Ending two months of controversy, the Morro Bay City Council on Tuesday reached a unanimous agreement with city attorney Robert Schultz to end his tenure at the city as of this Friday.
The council also voted 3-2 to begin negotiating with city manager Andrea Lueker to end her employment, Mayor Jamie Irons announced after the council came out of a closed session meeting.
Irons was joined by council members Christine Johnson and Noah Smukler in voting to oust Lueker. Council members Nancy Johnson and George Leage opposed the move.
Lueker remains as city manager while the terms of her release are negotiated, Irons said.
Digital Access for only $0.99
For the most comprehensive local coverage, subscribe today.
Before the closed session, several residents addressed the council and Lueker, thanking her for her service to the city, which began in 1987 when she was a lifeguard. Lueker declined to make any comments.
Irons hasn’t given any reason why the council decided to fire Schultz and Lueker. But the departures come at a cost.
Schultz’s annual salary is $151,589 and Lueker earns $152,244 per year. Their contracts stipulate that they will receive nine months of severance pay, which amounts to about $114,000 each if they are fired without cause. Schultz could also receive as much as $4,500 in accrued sick leave and an unknown amount of accrued vacation.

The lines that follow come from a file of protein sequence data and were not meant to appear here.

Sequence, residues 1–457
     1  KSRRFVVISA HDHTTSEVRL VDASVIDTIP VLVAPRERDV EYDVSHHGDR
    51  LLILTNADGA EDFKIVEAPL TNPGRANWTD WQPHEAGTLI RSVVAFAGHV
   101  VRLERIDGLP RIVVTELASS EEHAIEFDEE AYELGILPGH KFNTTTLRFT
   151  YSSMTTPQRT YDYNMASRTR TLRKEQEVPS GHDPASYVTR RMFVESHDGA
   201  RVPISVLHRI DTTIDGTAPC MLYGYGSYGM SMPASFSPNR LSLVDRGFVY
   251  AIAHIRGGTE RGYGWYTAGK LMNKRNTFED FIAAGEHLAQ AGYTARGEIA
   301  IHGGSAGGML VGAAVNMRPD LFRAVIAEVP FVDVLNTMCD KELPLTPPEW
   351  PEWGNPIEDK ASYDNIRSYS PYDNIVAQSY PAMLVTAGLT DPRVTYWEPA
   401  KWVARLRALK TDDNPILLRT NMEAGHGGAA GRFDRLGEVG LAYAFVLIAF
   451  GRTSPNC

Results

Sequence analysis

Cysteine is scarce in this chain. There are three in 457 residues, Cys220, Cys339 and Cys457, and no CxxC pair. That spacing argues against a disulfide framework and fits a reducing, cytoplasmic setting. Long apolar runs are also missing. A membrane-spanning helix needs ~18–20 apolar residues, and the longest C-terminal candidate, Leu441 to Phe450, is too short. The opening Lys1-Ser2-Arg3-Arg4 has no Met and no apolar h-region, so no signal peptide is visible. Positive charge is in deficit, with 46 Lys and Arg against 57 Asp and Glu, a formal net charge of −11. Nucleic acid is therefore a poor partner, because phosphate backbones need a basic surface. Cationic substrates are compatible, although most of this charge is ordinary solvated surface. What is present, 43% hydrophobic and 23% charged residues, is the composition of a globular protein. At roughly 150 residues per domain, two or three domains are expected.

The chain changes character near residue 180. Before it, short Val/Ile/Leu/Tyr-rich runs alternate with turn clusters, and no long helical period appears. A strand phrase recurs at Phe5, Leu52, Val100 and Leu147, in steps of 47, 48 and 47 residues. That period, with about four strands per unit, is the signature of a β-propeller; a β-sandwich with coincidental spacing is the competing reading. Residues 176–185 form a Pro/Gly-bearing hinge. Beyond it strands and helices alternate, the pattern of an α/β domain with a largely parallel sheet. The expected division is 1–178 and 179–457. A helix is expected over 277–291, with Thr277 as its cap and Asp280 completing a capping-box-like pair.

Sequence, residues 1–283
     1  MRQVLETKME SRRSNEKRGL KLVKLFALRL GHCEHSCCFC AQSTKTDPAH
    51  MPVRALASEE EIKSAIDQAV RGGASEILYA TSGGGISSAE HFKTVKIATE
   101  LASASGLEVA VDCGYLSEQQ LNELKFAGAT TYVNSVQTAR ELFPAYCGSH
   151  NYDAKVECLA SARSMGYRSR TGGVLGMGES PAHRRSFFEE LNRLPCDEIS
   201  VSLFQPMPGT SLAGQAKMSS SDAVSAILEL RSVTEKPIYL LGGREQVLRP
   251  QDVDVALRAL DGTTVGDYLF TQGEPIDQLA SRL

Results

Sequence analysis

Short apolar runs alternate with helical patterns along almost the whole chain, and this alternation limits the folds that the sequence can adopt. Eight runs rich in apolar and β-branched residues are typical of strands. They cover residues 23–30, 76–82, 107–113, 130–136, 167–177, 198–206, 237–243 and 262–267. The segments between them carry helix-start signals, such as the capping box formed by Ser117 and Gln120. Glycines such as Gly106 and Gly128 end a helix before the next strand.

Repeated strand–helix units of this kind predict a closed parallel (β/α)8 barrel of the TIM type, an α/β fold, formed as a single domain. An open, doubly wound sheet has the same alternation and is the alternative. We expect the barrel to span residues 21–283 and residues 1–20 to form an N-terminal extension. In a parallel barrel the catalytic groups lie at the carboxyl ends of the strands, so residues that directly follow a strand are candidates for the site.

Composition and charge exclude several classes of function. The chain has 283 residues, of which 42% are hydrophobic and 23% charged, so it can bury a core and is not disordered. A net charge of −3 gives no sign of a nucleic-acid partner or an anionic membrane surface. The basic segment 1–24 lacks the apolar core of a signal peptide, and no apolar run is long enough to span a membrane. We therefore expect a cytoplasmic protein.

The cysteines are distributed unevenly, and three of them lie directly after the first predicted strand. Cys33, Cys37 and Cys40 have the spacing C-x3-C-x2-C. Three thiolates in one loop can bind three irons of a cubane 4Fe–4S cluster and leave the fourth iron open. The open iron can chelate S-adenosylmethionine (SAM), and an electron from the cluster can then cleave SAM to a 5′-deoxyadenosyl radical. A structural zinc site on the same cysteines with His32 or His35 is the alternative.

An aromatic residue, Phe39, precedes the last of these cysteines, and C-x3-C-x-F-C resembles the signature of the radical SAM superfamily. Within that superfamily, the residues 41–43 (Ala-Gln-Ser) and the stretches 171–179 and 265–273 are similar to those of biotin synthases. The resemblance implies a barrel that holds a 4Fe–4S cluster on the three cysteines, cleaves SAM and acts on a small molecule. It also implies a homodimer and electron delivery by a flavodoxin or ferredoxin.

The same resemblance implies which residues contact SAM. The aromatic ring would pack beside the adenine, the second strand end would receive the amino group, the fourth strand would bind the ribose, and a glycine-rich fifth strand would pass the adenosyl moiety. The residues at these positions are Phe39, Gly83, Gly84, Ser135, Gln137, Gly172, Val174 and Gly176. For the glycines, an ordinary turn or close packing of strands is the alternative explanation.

Irons has contracted with attorney Steven Simas of the law firm Simas and Associates, to handle the process of terminating Schultz. Simas will now undertake the same work with Lueker, Irons said Tuesday.
Simas’s original contract called for him to be paid no more than $12,500. However, as of last week, Simas had charged the city $11,200. Irons asked the council Tuesday to approve an additional 20 hours or another $5,000 for Simas to complete his work. The council is expected to approve the additional money, which would come from the city’s risk management fund.
Irons began pushing to remove both Schultz and Lueker in early September, citing employee confidentiality as the reason for not telling the public why he wanted them out. As at-will employees, no reason has to be given if a majority of the city council votes to terminate them.
In a series of special closed door meetings and 3-2 votes, Irons, Smukler and Christine Johnson undertook the process of terminating Schultz. He was placed on paid administrative leave on Nov. 1 and San Luis Obispo attorney Anne Russell was hired as a short-term, interim city attorney.
Russell is paid $100 an hour and is expected to work 30 hours a week.
The city also started the process of finding a longer-term interim attorney by sending out a request for proposals. A subcommittee consisting of two city council members and a city department head will rank the proposals received and present the results to the city council Dec. 10.
Interviews of the top candidates are scheduled for the week of Dec. 16 and the position is expected to be filled in January.
The longer-term interim city attorney will hold the position until a permanent replacement for Schultz can be found, a process that will take months to complete.